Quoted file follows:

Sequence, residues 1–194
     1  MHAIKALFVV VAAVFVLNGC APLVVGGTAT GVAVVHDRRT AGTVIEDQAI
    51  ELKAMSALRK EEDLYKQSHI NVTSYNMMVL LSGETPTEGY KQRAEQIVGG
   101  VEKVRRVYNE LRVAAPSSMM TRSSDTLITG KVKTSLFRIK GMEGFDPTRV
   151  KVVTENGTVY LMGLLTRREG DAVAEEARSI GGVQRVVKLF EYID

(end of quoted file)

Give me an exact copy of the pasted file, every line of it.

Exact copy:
Sequence, residues 1–194
     1  MHAIKALFVV VAAVFVLNGC APLVVGGTAT GVAVVHDRRT AGTVIEDQAI
    51  ELKAMSALRK EEDLYKQSHI NVTSYNMMVL LSGETPTEGY KQRAEQIVGG
   101  VEKVRRVYNE LRVAAPSSMM TRSSDTLITG KVKTSLFRIK GMEGFDPTRV
   151  KVVTENGTVY LMGLLTRREG DAVAEEARSI GGVQRVVKLF EYID